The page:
“Donald J. Trump won the presidency by riding an enormous wave of support among white working-class voters.” So read the first line of a New York Times story the day after the votes were counted in 2016. It was the prevailing narrative after the election and the cause of much soul searching among reporters. Why didn’t they see the white working-class wave while the election was underway?
It is easy enough to identify some of the reasons, including journalists’ obsession with Hillary Clinton’s emails and Trump’s border wall. But did journalists get it right even after the 2016 election? Is the storyline of Trump’s extraordinary appeal to white working-class Americans — a storyline that has carried into the 2020 election — an accurate one?
Trump clearly couldn’t have won in 2016, or have a chance this time, without white working-class voters — commonly defined as white voters without a college degree. These voters constitute roughly two-fifths of all voters and more than half in key battleground states like Michigan and Wisconsin. Trump has no pathway to the White House that omits their vote.
On the other hand, the argument that they have a special affinity for Trump needs a bit of tuning. They are not recent converts to the Republican cause. They have been a mainstay of the GOP for more than a half century. After passage of the 1964 Civil Rights Act, they deserted the Democratic Party in large numbers, particularly in the South. The 1968 Democratic presidential nominee, Hubert Humphrey, failed to carry the white working-class vote. No Democratic nominee since then has carried it.
The shift after the Civil Rights Act came more quickly and was larger than might be thought. Trump attracted more working-class white votes than other recent Republican nominees but not by a large margin and by a margin no greater than Ronald Reagan’s edge in 1984. Although different in tone and style, Reagan’s pitch was Trump’s pitch: working people were being taxed to pay for government programs that benefit people who don’t work or don’t work hard enough, most of whom are minorities. In the years since Reagan, the Republican vote among white people without college degrees has varied with the salience of that pitch. In the 2012 election, for example, middle-income white people without degrees, most of whom already had personal or job-related health insurance, voiced their displeasure with the Affordable Care Act by voting more heavily Republican than usual.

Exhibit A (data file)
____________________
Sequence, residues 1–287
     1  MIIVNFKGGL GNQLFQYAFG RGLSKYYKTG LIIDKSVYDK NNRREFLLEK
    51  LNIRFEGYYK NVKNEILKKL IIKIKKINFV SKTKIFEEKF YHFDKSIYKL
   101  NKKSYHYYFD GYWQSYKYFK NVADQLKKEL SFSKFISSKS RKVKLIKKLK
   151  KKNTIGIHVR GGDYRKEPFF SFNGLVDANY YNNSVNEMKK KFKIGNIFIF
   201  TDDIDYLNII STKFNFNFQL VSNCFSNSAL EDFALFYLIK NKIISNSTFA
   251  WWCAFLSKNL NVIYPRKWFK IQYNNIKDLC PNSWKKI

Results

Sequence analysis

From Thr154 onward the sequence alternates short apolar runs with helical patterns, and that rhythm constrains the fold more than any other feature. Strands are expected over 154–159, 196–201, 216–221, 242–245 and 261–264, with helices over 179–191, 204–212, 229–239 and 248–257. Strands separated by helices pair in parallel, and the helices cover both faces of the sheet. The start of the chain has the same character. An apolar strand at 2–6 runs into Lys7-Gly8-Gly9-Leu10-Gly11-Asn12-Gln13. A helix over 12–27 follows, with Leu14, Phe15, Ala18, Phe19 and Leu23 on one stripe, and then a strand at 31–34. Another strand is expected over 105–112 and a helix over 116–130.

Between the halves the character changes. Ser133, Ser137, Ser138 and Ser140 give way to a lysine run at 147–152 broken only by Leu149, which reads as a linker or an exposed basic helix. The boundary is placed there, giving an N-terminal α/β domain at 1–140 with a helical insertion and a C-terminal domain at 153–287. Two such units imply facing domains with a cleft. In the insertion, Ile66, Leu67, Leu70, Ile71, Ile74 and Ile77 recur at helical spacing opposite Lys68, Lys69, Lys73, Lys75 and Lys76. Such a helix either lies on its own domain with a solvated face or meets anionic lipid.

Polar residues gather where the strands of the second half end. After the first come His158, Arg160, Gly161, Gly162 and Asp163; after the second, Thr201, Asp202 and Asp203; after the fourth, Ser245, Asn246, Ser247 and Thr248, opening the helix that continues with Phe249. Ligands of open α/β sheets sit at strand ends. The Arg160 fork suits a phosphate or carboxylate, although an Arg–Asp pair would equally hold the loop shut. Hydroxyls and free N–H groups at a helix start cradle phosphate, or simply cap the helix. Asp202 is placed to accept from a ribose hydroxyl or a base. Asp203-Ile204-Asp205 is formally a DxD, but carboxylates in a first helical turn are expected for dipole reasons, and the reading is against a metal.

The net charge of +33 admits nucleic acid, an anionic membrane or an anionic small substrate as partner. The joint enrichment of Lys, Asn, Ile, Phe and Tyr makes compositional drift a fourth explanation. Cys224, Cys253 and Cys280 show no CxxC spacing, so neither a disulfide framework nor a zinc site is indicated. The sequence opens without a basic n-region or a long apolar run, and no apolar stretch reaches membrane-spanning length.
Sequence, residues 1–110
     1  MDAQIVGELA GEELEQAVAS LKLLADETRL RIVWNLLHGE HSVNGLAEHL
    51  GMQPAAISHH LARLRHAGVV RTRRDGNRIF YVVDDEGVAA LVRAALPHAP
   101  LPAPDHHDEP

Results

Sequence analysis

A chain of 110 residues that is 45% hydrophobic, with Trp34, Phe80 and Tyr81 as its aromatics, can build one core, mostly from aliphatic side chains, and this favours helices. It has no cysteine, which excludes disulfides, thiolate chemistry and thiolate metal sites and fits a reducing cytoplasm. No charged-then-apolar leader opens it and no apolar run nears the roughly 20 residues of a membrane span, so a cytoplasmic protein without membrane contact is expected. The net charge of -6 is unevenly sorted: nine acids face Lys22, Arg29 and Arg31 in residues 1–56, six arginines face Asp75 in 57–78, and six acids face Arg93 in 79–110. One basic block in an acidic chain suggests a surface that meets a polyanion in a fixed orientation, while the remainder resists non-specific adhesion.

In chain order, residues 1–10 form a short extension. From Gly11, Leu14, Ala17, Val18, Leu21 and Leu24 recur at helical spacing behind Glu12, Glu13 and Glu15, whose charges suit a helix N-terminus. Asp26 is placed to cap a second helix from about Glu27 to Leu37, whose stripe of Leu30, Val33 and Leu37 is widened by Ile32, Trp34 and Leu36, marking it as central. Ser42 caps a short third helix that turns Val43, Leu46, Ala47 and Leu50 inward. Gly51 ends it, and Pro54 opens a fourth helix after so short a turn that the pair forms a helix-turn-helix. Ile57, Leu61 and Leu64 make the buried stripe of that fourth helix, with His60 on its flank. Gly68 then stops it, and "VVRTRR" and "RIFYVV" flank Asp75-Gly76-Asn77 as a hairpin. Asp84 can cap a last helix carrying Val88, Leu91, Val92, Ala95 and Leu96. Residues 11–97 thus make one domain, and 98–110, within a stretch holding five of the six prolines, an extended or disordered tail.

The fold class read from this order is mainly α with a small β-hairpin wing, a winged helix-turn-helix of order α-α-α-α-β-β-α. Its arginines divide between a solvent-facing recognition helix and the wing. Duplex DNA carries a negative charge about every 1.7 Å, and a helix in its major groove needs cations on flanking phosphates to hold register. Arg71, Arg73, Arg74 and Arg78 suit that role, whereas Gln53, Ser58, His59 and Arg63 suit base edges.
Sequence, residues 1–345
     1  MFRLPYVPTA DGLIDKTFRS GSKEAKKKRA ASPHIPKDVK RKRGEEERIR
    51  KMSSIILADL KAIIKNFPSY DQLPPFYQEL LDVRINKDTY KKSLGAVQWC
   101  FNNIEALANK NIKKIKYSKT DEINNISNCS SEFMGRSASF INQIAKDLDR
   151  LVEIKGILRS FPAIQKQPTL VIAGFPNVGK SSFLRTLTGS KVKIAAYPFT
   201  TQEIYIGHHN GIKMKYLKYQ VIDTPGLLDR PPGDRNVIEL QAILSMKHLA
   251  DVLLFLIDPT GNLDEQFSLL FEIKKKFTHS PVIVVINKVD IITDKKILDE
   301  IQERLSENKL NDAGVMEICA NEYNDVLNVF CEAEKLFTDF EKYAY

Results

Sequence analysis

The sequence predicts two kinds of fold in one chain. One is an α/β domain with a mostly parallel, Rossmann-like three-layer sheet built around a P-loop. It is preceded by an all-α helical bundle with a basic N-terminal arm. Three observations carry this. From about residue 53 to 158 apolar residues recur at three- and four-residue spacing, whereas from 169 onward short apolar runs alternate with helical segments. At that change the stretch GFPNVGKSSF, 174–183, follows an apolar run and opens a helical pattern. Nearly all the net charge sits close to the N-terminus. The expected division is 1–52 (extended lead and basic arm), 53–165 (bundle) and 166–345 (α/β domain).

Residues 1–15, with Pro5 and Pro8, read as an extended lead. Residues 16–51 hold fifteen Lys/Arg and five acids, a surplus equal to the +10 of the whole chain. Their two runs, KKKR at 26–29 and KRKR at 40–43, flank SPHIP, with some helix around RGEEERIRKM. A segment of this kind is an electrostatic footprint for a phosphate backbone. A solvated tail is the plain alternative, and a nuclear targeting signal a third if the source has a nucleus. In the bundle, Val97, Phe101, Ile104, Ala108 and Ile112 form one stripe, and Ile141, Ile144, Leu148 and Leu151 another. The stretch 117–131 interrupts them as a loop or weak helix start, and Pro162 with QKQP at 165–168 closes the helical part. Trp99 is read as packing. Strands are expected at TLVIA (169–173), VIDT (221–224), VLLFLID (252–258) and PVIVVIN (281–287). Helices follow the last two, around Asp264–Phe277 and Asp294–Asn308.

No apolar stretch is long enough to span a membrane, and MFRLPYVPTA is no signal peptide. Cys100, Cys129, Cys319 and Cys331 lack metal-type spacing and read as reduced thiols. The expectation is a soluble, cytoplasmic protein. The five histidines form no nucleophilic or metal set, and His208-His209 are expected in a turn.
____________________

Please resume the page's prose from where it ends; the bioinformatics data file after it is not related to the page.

It’s also the case that white working-class voters didn’t give Trump a distinctive boost in 2016. Compared with the 2012 Barack Obama-Mitt Romney race, the marginal shift in their vote toward the GOP was roughly the same magnitude as that of other Republican-leaning groups. Working-class whites’ decisive role in 2016 was less a consequence of their unique response to Trump than their unusually large numbers in the pivotal states of Wisconsin and Michigan and, to a lesser degree, Pennsylvania.
So how should journalists think about white working-class voters in the closing weeks of the 2020 campaign? Like 2016, their concentration in a few key battleground states makes them a group deserving of special attention.
Yet, the backdrop to 2020 is not that of 2016, a hint of which appeared in the 2018 midterm when the GOP’s support slipped among this group, partly in response to the 2017 tax cut bill, which, despite Trump’s promise that it would primarily benefit the middle class, rewarded those of higher income. Polls indicated a majority of white working-class Republicans opposed the tax cuts.
The economic downturn caused by COVID-19 will also play into their response this time. Since the late 1960s, working class whites have voted less heavily Republican during economic slowdowns than when the economy is strong. Many working-class Republicans have opinions on pocketbook issues that are more closely aligned with the positions of the Democratic Party than those of the GOP, as I show in my recent book, Is the Republican Party Destroying Itself? When those opinions come to the fore in hard economic times, Republicans’ appeals to welfare spending and racial resentment have less traction.
Trump is likely to get a lower percentage of their vote in 2020, but it could be offset by a yet unmentioned factor — the relatively low voting rate of whites without a college education. Although they outnumber college-educated whites in the United States, their voter turnout rate is significantly lower. Trump has spent his entire presidency pursuing a strategy of inciting his base. If he can get working-class white people to do what they traditionally have not done — turnout in exceptionally high numbers — they could yet again be decisive. It didn’t happen in the 2018 midterms. Although their turnout rose, it rose by much less than that of Democratic leaning groups, including Black and Hispanic people and Asian Americans. More than anything this time, journalists should be looking for indicators of whether working-class whites will show up at the polls in unprecedented numbers.
Thomas E. Patterson is Bradlee Professor of Government & the Press at Harvard’s Kennedy School and author of the recently published Is the Republican Party Destroying Itself? Journalist’s Resource plans to post a new installment of his Election Beat 2020 series every week leading up to the 2020 U.S. election. Patterson can be contacted at email@example.com.
Nicholas Carnes and Noam Lupu. “The White Working Class and the 2016 Election,” Perspectives on Politics, October 2020.
Stephen L. Morgan and Jiwon Lee. “Trump Voters and the White Working Class,” Sociological Science 5, 2018.
Thomas E. Patterson. Is the Republican Party Destroying Itself, 2020.
“White Working Class Voters,” New York Magazine, series of articles, 2018-2020.